The Seattle area ranks among the richest places in the country. Yet some households are worth little, or nothing at all.

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Everybody knows how much money they make, but how wealthy are you?

Maybe you’ve never given much thought to how much you’re worth, but the marketing-analytics firm Acxiom has some idea. They use a variety of public records and private sources to predict a household’s net worth.

Their data show that Seattle is one of the richest places in the nation.

The median net worth of a household in King and Snohomish counties is just shy of $400,000, according to Acxiom’s calculations. Median is the middle point where half the households have more and half have less.

That ranks our area 10th highest among more than 100 metro areas in the U.S. The median net worth for all those areas is about $110,000, meaning that we’re nearly four times wealthier here.

A household’s net worth is the sum of all of its assets, minus its liabilities. Assets include financials — savings, investments, pensions and so on — plus the other stuff, like the house, car, boat or anything else that could be sold for cash. Subtract from that total the amount of debt the household carries — mortgage, car loans, credit card debt, etc. — to determine its net worth.

While Seattle is one of the nation’s wealthiest areas, the distribution of wealth here is far from even.

The biggest predictor of wealth is homeownership, and the difference in wealth between a homeowner and a renter is huge. The median net worth for a household that owns its home in the Seattle area is nearly $900,000. That’s about 25 times higher than the median net worth for renter households ($36,000).

It is a striking discrepancy, but it does make sense. A home is the biggest asset for most people (though not for renters, obviously), and that’s especially true in this area, where home values are extremely high. And since homeowners tend to be older and more established (and typically married), they’ve probably also accrued more wealth through other types of assets, too.

Mind you, Seattle renters aren’t exactly doing badly when compared with their peers around the country. Their median net worth is still nearly six times higher than the national median for renters, which is just $6,400.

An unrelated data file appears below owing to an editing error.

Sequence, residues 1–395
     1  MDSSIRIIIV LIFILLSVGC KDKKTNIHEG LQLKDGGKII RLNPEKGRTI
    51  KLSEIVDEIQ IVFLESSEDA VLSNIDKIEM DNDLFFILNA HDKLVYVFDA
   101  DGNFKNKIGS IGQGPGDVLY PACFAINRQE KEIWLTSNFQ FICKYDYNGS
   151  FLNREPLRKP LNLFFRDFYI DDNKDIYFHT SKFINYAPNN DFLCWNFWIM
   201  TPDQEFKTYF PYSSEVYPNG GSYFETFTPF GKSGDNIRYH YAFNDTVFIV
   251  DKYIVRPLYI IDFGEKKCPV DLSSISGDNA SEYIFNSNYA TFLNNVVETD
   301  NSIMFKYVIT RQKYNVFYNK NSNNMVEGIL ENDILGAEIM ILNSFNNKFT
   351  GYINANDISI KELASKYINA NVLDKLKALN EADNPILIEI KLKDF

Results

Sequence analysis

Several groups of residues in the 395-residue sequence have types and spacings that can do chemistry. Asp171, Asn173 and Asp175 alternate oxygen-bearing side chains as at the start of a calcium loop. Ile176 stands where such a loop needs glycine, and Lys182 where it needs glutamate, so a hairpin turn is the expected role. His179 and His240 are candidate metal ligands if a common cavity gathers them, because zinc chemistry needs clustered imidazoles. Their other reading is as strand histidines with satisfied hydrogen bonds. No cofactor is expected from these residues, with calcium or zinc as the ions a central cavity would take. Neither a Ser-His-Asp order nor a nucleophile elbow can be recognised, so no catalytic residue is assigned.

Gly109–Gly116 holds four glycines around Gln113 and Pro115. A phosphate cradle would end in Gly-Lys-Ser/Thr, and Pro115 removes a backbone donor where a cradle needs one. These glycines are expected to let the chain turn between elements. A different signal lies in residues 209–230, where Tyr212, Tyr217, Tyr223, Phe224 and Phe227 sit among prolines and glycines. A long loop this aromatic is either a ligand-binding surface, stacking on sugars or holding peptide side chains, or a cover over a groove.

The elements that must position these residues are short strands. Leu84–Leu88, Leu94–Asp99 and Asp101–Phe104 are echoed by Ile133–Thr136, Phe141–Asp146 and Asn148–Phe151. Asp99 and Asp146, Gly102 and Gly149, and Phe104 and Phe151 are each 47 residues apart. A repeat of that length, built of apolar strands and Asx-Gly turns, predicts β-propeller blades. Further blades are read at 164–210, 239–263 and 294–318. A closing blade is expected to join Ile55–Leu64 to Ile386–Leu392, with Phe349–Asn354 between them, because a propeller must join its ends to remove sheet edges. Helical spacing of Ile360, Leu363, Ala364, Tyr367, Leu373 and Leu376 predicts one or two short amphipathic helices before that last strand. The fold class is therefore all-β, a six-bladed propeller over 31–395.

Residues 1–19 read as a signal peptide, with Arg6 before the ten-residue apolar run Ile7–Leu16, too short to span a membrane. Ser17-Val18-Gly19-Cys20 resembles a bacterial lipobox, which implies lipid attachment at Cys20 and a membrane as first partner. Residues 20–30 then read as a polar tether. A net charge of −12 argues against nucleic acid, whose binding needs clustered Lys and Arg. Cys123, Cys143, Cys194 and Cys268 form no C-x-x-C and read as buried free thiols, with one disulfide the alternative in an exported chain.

There is a massive wealth gap along racial and ethnic lines in the Seattle area, as there is across the U.S. Households headed by a white or Asian person here have a median net worth of around $450,000. For Latino households, it’s around $90,000 and for black households, only about $23,000.

Homeownership plays a big role in this wealth gap, as most white and Asian households own their home, while most black and Latino households rent. In a 2017 column, I looked at homeownership rates for black households in King County and found they were among the lowest in the country. According to the most recent census data, just 28 percent of black households in King and Snohomish counties own their home, compared with 64 percent of white households.

The data show that age is another major predictor of wealth.

While Seattle has become well-known for its well-paid young tech workers, those high incomes don’t necessarily mean they have amassed much wealth. Many are carrying college debt. They probably don’t own a home and may not have much in the way of savings or investments yet.

On the other hand, an older, retired married couple may live on a modest income, but they’re more likely to have gained wealth through a home that’s accrued tremendously in value, as well as savings, investments and other assets.

Indeed, the data show that senior citizens in this area have a median net worth more than three times greater than millennials.

For some folks, of course, their liabilities outweigh whatever assets they might own. It’s not uncommon even in our wealthy region. The data show an estimated 70,000 households in King and Snohomish counties have a net worth of zero or less, including one in eight renters.

The area with the highest net worth in the country is San Rafael, California — that’s ultrawealthy Marin County, near San Francisco — with a median of $1.1 million.

The lowest net worth is in the Brownsville, Texas, area, in the Rio Grande Valley, which has one of the highest rates of poverty in the nation. The median net worth there is just $8,400.

Similar to net worth, Seattle incomes are among the highest in the nation. The most recent census data show the median household income in Seattle metro area is $82,000 — that’s 36 percent higher than the U.S. median.

Correction: An earlier version of this column misidentified the median household income in King and Snohomish counties.